Monday, 7 February 2011

Teaching Position

Networking Your Way Into a Full-Time Teaching Position
Although not always correct, the adage, "it's who you know," can ring true when searching for a teaching position. Networking simply means to make professional contacts with those in your field. To begin create a business card to help the people you come in contact with remember you. Include your name, contact information, job title, and areas of certification. A business card is also helpful for substitute teachers. If you are a college student, make the most of every classroom observation period you have. Stay in contact with the teachers who supervise your classroom experiences. Also, reach out and have conversations with other teachers in the school. Make sure everyone knows what a great educator you are and that you desire a teaching position. Furthermore, try to make contact with the administrators at each school where you complete classroom hours. Thank them for the opportunity to complete classroomexperiences at their school. Don't forget your college professors. As educators, your college professors likely have close relationships with teachers from the k-12 realm also. Let them know the status of your job search.

Also, search out additional opportunities to expand your network. A conference, workshop, or reading volunteer position offers the opportunity to connect with and impress educators. If you need employment before you obtain a teaching position, seek a position within a school setting. Summer school teachers and extracurricular positions are great ways to build your network and establish more teaching skills.
Everyone is a potential contact in your teaching network not just professional educators. While some people find job success through social media outlets like LinkedIn, make sure the information people can publicly access about you is professional. There are professional forums that can even help you create a larger network of teaching professionals. Although you have recently been laid off from the college teaching job you have held for years, online adjunct teaching positions may provide you with an opportunity. Many students are taking classes online while they work part-time at a minimum wage job. Knowing the economic scene, they are happy to get college learning online. This presents the chance for you, as an unemployed teacher, to teach this group of new students. As a teacher with several degrees, you can consider teaching in several fields. If you are a highly skilled accountant, you should look at the on line accounting degree schools. Some of the advantages of teaching online are: car expenses are greatly reduced, purchases of gasoline drop dramatically and repairs will be less frequent. You will have more time to pursue multiple online adjunct jobs. Since you have English and history degrees in addition to accounting, you are in a position to teach in online college degree programs. You may be able to teach several online classes at the same time on your own schedule.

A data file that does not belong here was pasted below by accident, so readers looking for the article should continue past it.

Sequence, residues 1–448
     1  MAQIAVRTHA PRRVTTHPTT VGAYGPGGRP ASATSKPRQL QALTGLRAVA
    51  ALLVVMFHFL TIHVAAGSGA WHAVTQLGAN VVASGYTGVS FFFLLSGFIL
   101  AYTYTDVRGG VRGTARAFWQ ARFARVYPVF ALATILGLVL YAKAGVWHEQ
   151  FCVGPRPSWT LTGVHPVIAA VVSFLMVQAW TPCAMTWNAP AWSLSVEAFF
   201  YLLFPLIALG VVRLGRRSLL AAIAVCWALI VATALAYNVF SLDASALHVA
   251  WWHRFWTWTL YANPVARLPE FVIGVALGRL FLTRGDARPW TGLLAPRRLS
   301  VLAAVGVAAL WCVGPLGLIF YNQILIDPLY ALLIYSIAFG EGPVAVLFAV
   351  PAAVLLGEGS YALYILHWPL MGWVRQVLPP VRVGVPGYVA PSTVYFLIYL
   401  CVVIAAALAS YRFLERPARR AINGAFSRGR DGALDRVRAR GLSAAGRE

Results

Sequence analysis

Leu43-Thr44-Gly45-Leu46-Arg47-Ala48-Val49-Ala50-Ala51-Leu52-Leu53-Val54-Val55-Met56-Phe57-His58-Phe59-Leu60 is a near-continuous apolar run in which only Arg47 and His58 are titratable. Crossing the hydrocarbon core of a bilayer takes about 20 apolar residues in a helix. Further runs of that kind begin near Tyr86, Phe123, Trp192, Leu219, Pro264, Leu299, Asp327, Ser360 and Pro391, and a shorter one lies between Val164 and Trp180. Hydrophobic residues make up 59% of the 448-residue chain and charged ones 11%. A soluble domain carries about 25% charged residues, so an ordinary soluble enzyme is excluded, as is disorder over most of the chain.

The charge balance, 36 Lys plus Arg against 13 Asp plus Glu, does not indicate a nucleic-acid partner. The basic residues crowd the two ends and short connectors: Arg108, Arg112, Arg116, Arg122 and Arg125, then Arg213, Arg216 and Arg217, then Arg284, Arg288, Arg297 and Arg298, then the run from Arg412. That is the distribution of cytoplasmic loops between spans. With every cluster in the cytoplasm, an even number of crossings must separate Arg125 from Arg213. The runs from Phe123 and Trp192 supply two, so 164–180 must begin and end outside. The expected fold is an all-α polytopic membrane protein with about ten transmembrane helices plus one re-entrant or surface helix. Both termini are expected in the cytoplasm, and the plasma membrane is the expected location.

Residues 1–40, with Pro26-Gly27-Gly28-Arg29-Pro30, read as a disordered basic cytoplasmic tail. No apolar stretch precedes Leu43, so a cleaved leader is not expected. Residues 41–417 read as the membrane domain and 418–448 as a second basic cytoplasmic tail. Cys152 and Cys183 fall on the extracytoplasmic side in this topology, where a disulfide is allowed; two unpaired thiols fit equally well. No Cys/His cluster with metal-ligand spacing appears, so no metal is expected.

Once you have established yourself in the online teaching world, you may begin to consider teaching in an online graduate degree program. Your world is expanding. Online adjunct teaching positions are allowing you to work from your home in a quiet, non-distracting environment.
Are you getting ready to interview for a teaching position at a college or university (or at a K-12 institution that is wise enough to ask for a teaching demonstration?  1. You are better to convey one or two ideas REALLY well than 8 or 9 ideas poorly.  What do I want people to KNOW as a result of my teaching?
What do I want people to FEEL as a result of my teaching?
What do I want people do DO result of my teaching?
3. Engage your learners. Avoid the lecture - because you know you would not teach by using only lecture format with students. Positive thinking is certainly preferable to negative thinking!  I think you should be in this frame of mind when you head into your teaching demonstration. 


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